controller. Section 3 presents the fuzzy PIDanalytical structure.
Section 4 is about BIBO stability analysis of fuzzy PID control
systems. Section 5 deals with design aspects of the simplest
fuzzy PID controller. Section 6 includes simulation results
while Section 7 consists of concluding remarks.
Fig. 1. PID controllers: (a) conguration 1; (b) conguration 2; (c) conguration 3.
B.M. Mohan, A. Sinha / Applied Soft Computing 8 (2008) 749758 750
2. Components of fuzzy PID controllers
The incremental control signal generated by a discrete-time
PID controller is given by
Du(kT) = u(kT) u[(k 1)T[
= K
d
P
v(kT) K
d
I
d(kT) K
d
D
a(kT) (1)
where K
d
P
, K
d
I
, and K
d
D
are, respectively the proportional,
integral and derivative constants of digital PID controller,
the velocity v(kT), displacement d(kT) and acceleration
a(kT) are given by
v(kT) =
d(kT) d[(k 1)T[
T
(2)
d(kT) = e(kT) (3)
a(kT) =
v(kT) v[(k 1)T[
T
; (4)
e(kT) is the error signal given by r(kT) y(kT), r(kT) the
reference signal, y(kT) the process output, and Tis the sampling
period. The time derivatives of displacement d(t) and velocity
v(t) at t = kT are obtained by using backward-difference rule
approximation of d(t) and v(t), as shown in Eqs. (2) and (4).
Eq. (1) is known as velocity algorithm and it is a widely used
form of digital PID control. The principal structure of a fuzzy
PID controller (see Fig. 2), based on conguration 3 of Fig. 1,
consists of the following components.
2.1. Scaling factors
An input variable to a fuzzy logic controller can be mapped
onto the interval [l; l[ by multiplying it by a normalization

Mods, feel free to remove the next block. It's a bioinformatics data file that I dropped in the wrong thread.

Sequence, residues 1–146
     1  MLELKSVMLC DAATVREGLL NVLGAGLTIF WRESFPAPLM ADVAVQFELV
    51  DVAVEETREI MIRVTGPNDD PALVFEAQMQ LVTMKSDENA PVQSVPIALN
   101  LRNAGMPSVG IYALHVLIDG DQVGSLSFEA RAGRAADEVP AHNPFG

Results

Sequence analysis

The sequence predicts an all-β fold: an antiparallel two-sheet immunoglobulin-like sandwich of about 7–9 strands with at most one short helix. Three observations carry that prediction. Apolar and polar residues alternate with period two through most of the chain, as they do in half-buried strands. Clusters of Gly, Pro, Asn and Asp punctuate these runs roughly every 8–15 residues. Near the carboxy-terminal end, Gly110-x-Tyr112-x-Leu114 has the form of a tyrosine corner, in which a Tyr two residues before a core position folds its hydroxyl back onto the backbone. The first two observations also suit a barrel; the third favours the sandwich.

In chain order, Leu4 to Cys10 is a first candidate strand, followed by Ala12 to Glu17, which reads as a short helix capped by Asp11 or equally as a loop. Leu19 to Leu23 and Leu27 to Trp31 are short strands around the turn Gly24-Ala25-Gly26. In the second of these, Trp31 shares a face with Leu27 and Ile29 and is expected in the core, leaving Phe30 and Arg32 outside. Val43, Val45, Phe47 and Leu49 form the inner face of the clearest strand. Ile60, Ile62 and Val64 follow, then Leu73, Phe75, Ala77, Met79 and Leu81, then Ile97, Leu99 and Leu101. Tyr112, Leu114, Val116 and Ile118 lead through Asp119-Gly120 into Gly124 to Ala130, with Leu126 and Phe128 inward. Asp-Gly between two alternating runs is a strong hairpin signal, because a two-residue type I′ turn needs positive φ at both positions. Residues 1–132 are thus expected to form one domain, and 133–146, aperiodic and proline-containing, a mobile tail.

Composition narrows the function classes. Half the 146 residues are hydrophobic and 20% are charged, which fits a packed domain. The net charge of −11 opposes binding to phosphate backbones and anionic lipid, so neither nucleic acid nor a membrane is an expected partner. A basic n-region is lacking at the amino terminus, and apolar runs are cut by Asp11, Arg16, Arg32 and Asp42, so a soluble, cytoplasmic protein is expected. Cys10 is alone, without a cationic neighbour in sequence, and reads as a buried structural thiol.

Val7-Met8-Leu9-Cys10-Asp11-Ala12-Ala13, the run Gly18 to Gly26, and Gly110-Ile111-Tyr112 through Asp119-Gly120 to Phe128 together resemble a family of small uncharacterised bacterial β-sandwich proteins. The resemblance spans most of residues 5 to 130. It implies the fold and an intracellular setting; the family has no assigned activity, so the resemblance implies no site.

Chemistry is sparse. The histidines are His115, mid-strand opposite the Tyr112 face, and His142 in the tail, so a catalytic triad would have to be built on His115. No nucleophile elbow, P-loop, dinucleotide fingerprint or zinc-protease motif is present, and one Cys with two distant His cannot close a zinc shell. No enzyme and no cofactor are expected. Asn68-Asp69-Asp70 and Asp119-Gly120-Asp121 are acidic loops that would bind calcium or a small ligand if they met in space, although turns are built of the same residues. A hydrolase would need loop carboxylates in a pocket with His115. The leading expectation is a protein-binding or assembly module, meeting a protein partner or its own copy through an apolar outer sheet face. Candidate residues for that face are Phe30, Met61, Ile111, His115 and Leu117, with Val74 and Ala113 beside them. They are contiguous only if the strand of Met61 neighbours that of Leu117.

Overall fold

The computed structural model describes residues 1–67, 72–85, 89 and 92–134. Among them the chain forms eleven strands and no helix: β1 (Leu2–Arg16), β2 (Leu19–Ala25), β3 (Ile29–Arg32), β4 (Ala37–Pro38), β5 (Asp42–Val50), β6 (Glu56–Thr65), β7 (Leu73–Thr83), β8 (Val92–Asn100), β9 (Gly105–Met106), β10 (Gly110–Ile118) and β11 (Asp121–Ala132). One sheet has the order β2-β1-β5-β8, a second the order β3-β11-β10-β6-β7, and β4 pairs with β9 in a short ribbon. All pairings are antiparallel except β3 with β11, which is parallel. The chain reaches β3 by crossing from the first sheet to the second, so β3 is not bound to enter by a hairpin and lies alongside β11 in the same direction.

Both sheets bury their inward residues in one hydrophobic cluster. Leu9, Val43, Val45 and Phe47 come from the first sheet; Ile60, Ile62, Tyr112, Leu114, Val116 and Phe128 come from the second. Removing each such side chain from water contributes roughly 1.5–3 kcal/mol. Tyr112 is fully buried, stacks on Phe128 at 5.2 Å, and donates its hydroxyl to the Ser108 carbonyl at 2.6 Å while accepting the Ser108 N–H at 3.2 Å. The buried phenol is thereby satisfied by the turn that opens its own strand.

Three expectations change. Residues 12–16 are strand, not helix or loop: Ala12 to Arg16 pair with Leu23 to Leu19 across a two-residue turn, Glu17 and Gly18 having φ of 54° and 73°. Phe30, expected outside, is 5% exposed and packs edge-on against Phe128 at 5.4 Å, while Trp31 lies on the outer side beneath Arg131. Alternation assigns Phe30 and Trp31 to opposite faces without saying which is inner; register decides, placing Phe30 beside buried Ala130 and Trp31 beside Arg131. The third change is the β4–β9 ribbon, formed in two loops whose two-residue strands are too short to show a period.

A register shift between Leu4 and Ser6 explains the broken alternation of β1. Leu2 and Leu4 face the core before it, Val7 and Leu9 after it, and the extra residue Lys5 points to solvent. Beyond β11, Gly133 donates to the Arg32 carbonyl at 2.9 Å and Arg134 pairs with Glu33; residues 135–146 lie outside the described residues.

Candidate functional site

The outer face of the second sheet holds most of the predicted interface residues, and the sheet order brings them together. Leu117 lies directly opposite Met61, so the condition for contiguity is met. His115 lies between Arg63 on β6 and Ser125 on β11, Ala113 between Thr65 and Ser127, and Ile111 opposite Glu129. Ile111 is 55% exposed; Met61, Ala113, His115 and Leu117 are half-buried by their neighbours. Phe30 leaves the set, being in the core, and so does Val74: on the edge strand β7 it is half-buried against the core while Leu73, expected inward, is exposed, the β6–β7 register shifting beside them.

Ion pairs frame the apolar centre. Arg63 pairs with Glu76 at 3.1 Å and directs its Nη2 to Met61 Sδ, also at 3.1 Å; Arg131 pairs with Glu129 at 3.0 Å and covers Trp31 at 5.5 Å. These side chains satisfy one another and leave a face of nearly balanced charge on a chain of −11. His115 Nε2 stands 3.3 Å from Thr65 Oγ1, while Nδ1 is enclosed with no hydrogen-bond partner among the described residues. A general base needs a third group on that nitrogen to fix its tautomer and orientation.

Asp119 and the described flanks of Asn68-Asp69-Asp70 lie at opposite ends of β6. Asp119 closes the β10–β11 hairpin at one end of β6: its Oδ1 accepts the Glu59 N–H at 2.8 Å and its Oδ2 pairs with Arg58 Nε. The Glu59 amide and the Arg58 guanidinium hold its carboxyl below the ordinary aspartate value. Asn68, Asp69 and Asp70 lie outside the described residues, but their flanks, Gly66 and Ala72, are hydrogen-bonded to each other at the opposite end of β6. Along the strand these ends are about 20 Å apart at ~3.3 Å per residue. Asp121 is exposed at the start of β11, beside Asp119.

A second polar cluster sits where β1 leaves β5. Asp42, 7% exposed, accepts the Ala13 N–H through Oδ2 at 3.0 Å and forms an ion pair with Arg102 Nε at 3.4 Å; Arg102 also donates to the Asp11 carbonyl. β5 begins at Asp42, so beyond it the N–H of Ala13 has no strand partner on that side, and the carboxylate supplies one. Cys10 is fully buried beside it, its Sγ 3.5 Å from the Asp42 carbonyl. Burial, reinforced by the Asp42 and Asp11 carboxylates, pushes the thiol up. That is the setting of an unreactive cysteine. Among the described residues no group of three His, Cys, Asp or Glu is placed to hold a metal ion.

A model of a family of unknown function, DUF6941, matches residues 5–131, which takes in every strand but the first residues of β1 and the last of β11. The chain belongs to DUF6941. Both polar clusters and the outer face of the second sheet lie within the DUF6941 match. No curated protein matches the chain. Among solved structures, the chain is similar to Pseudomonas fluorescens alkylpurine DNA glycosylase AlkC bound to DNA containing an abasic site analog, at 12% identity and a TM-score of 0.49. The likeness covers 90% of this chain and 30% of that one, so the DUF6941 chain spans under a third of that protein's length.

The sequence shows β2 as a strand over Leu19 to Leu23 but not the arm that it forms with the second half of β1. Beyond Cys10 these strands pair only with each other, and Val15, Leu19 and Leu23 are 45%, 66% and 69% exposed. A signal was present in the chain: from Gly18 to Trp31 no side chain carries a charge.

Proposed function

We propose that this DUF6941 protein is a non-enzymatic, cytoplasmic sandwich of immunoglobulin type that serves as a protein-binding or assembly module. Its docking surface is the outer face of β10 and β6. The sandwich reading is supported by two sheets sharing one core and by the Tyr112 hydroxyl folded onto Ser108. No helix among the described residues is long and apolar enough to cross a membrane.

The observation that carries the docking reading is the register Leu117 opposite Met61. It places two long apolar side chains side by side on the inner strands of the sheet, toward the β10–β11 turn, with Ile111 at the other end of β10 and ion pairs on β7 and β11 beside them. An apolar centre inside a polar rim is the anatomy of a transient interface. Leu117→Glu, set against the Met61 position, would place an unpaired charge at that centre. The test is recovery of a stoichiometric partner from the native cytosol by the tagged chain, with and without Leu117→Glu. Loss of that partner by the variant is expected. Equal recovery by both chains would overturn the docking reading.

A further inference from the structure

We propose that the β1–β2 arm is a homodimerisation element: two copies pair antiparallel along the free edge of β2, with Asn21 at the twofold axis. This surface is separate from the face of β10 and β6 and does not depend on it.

factor. N
d
, N
v
, N
a
and N
Du
are the normalization factors for d, v,
a and Du, respectively. Denormalization maps the normalized
output value into its physical output domain. N
1
Du
is the
reciprocal of N
Du
, called denormalization factor. These scaling
factors play a role similar to that of the gain coefcients K
d
P
, K
d
I
and K
d
D
in a conventional PID controller.
2.2. Fuzzication
Fuzzication converts crisp values of controller inputs into
fuzzy sets that can be used by the inference engine (refer to
Section 2.4) to activate and apply the control rules. The fuzzy
PID controller employs three inputs: the error signal e(kT) (i.e.,
displacement d(kT)), the rst-order time derivative of e(kT)
(i.e., velocity v(kT)), and the second-order time derivative of
e(kT) (i.e., acceleration a(kT)). These inputs are fuzzied by a
combination of L-type and G-type membership functions as
illustrated in Fig. 3 where d
N
, v
N
and a
N
are the normalized
inputs. The mathematical description of L-type and G-type
membership functions is, respectively given by
m
nx
=
1 L _ x _ l
x l
2l
l _ x _ l
0 l _ x _ L
_

_
(5)
m
px
=
0 L _ x _ l
x l
2l
l _ x _ l
1 l _ x _ L
_

_
(6)
Note that
m
nx
m
px
= 1 (7)
Fig. 2. Fuzzy PID control system.
B.M. Mohan, A. Sinha / Applied Soft Computing 8 (2008) 749758 751
The fuzzy controller has a single output, called incremental
control output Du(kT). The membership functions for the
normalized output Du
N
are shown in Fig. 4. The constants l,
L, m and M are chosen by the designer.
2.3. Control rule base
The following control rules are considered [12] in terms of
the input and output fuzzy sets shown in Figs. 3 and 4,
respectively:
v R1: If d
N
= n d& v
N
= n v & a
N
= n a then Du
N
= O
2
v R2: If d
N
= p d & v
N
= n v & a
N
= n a then Du
N
= O
1
v R3: If d
N
= p d & v
N
= n v &a
N
= p a then Du
N
= O
1
v R4: If d
N
= n d & v
N
= n v & a
N
= p a then Du
N
= O
1
v R5: If d
N
= n d &v
N
= p v &a
N
= p a then Du
N
= O
1
v R6: If d
N
= n d & v
N
= p v & a
N
= n a then Du
N
= O
1
v R7: If d
N
= p d & v
N
= p v & a
N
= n a then Du
N
= O
1
v R8: If d
N
= p d &v
N
= p v &a
N
= p a then Du
N
= O
2